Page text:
Rites and Rank: Hierarchy in Biblical Representations of Cult

Princeton University Press
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Good and evil, clean and unclean, rich and poor, self and other. The nature and function of such binary oppositions have long intrigued scholars in such fields as philosophy, linguistics, classics, and anthropology. From the opening chapters of Genesis, in which God separates day from night, and Adam and Eve partake of the tree of the knowledge of good and evil, dyadic pairs proliferate throughout the Hebrew Bible. In this groundbreaking work melding critical exegesis and contemporary theory, Saul M. Olyan considers the prevalence of polarities in biblical discourse and expounds their significance for the social and religious institutions of ancient Israel. Extant biblical narrative and legal texts reveal a set of socially constructed and culturally privileged binary oppositions, Olyan argues, which instigate and perpetuate hierarchical social relations in ritual settings such as the sanctuary.

Focusing on four binary pairs--holy/common, Israelite/alien, clean/unclean, and whole/blemished--Olyan shows how these privileged oppositions were used to restrict access to cultic spaces, such as the temple or the Passover table. These ritual sites, therefore, became the primary contexts for creating and recreating unequal social relations. Olyan also uncovers a pattern of challenge to the established hierarchies by nonprivileged groups. Converging with contemporary issues of power, marginalization, and privileging, Olyan's painstaking yet lucid study abounds with implications for anthropology, classics, critical theory, and feminist studies.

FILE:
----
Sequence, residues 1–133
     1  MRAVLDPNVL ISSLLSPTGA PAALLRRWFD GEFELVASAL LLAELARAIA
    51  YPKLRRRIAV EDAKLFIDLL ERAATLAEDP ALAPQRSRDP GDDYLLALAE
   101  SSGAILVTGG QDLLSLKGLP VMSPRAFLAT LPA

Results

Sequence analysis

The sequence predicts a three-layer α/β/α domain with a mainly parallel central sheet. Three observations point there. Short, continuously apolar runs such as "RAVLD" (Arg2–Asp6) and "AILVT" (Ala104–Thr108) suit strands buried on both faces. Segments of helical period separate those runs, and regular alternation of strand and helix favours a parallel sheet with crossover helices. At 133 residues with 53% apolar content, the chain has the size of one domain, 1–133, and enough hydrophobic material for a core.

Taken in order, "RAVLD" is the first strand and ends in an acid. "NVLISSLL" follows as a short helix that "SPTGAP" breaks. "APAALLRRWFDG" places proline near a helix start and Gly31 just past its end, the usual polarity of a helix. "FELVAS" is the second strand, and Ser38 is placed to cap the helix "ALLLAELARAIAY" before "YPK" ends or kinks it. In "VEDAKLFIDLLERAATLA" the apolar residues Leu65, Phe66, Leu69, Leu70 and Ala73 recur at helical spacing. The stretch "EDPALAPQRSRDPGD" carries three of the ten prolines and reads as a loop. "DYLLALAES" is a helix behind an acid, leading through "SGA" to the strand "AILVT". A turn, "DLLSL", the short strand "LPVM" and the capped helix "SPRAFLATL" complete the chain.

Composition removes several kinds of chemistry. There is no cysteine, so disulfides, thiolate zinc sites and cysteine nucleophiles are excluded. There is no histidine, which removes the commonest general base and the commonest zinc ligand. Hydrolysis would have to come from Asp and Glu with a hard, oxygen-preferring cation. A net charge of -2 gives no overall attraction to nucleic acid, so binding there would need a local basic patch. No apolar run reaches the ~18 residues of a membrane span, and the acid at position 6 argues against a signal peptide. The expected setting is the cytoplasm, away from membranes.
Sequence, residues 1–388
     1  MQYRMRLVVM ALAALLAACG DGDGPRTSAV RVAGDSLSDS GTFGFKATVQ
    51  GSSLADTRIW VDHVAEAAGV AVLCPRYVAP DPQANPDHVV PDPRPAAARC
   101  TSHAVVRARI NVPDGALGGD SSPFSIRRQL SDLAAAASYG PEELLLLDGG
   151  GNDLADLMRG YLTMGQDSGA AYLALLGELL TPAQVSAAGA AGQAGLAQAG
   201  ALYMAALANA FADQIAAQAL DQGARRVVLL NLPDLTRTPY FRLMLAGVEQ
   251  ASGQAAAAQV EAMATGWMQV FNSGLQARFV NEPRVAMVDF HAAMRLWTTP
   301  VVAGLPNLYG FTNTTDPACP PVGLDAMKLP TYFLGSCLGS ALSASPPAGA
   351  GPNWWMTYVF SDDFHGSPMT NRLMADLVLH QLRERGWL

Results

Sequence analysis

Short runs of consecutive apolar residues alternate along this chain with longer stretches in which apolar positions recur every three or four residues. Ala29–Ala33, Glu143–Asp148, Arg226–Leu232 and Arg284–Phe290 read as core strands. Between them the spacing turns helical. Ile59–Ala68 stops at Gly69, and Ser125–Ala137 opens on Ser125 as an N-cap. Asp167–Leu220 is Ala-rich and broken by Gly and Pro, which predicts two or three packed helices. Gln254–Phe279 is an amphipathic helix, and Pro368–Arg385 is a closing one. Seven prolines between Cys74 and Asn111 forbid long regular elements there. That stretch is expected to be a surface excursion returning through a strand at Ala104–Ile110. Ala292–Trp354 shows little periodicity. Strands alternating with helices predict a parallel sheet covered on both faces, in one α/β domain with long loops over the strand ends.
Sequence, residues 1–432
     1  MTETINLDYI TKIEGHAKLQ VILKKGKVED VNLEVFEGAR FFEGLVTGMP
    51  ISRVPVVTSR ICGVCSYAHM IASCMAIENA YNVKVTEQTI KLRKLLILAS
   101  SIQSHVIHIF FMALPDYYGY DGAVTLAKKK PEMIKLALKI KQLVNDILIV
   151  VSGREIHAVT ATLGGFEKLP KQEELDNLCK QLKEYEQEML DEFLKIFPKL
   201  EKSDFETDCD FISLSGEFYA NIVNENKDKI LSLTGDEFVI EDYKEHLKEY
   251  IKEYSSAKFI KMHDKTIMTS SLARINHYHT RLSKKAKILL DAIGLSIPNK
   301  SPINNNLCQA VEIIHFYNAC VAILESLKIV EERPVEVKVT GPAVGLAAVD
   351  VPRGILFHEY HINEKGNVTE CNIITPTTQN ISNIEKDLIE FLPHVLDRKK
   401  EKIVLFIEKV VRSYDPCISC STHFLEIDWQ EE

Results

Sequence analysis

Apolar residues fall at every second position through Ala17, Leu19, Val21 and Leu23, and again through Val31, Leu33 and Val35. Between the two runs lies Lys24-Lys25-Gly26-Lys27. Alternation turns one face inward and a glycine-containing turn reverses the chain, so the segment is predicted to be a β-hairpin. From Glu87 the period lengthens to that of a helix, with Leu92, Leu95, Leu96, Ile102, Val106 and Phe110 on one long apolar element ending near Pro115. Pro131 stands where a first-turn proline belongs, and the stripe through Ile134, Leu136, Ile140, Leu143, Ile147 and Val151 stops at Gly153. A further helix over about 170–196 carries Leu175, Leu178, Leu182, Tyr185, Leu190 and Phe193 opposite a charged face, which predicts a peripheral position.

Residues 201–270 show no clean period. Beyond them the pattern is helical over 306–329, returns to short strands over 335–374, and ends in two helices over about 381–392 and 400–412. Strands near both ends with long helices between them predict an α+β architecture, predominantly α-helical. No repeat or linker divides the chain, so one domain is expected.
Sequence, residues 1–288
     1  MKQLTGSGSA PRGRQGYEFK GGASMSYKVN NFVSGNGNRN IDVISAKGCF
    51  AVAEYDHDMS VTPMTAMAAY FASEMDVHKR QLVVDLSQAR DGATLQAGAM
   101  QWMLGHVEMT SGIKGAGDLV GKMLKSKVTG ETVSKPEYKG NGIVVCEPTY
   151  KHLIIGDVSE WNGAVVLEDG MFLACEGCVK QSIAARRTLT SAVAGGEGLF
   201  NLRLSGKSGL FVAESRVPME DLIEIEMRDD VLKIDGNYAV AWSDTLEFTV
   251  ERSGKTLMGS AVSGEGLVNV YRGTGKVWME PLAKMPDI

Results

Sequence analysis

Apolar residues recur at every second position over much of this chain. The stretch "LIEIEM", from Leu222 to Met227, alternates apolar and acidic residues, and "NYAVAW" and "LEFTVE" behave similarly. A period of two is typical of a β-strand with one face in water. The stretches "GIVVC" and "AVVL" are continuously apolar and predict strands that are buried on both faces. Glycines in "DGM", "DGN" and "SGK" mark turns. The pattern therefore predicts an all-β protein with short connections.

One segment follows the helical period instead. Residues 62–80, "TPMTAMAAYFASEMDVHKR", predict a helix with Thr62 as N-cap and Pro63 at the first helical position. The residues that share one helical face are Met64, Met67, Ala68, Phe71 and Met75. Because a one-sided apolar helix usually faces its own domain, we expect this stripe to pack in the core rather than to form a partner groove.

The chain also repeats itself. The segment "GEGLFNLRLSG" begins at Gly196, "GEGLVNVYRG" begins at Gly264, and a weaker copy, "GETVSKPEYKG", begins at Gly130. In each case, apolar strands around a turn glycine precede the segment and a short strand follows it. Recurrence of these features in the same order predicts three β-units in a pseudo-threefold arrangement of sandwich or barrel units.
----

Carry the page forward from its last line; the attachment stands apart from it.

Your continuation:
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About the author

Saul M. Olyan is Dorot Professor of Judaic Studies, Professor of Religious Studies, and Director of the Program in Judaic Studies at Brown University. He is the author of A Thousand Thousands Served Him: Exegesis and the Naming of Angels in Ancient Judaism and Asherah and the Cult of Yahweh in Israel.
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Additional Information

Publisher
Princeton University Press
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Published on
Apr 17, 2000
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Pages
194
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ISBN
9781400823567
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Language
English
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Genres
Religion / Judaism / General
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Content Protection
This content is DRM protected.
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Available on Android devices
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Eligible for Family Library